Our readers are no doubt aware of the pending Supreme Court case regarding same-sex marriage. Because of the timeliness and significance of the issue, we will be publishing a series of daily posts this week only, from Scott Allen, the president of Disciple Nations Alliance.
In Part 4 of his series, “Can Gays and Christians Co-Exist in America,” Dan McLaughlin shows how the legal arguments over same-sex marriage require the law to devalue marriage, ignore reality, and insult Christians and other religious believers.
He begins by looking at how proponents of same sex marriage have opted to bypass the political process and use the courts to advance their agenda.
The decision to seek a decisive nationwide resolution in the courts on equality-based grounds has encouraged the most divisive possible method of implementing same-sex marriage, doing so not by demonstrating the benefits … but by 1) delegitimizing all the aspects of marriage that are seen as obstacles to equalizing same-sex marriage with opposite-sex marriage and 2) demonizing anyone who opposes this process as the equivalent of Bull Connor …
But even if we assume for the sake of argument that the Equal Protection Clause [of the U.S. Constitution] means, not what [its authors] put in the Constitution but rather what modern judicial gloss has revised it to mean, the Constitution has always been read to permit the government to treat different things differently, so long as there was some rational basis for the distinction in the first place.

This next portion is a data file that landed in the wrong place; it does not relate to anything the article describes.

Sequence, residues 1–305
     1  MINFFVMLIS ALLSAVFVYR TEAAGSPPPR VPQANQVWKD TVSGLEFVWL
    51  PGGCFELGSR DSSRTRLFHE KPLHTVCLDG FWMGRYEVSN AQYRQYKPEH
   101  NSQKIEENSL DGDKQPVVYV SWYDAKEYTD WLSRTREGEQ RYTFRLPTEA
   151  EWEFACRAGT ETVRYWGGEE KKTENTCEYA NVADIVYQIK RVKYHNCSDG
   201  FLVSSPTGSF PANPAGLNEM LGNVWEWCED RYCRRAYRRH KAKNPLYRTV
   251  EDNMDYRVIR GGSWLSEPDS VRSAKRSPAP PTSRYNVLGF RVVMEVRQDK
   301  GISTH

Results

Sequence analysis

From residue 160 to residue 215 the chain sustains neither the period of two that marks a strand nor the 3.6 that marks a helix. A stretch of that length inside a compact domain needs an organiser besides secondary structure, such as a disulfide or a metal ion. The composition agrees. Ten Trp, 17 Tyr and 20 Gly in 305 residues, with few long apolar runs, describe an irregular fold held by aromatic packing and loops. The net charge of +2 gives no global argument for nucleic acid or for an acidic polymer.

… there very obviously are real differences between opposite-sex and same-sex marriage, and the courts therefore can [rule the constitution requires same-sex marriage] only by declaring that all such distinctions are inadmissible in a judicial proceeding … Undoubtedly, the courts have the raw power to do this, but it is a thin reed on which to hang the moral legitimacy of such a sea change in American law and culture
… why is marriage the government’s business at all? Because marriage is an expression of love? You have never needed a government license to love someone, and let us all pray we never will.
Any way you slice it, the vast apparatus of marriage law and family law makes sense as a public enterprise of concern to the government and the law only if you consider the role of marriage as an institution for having and raising children … you simply cannot make same-sex marriage and traditional opposite-sex marriage the same thing once you admit that children … are the primary public purpose of the institution.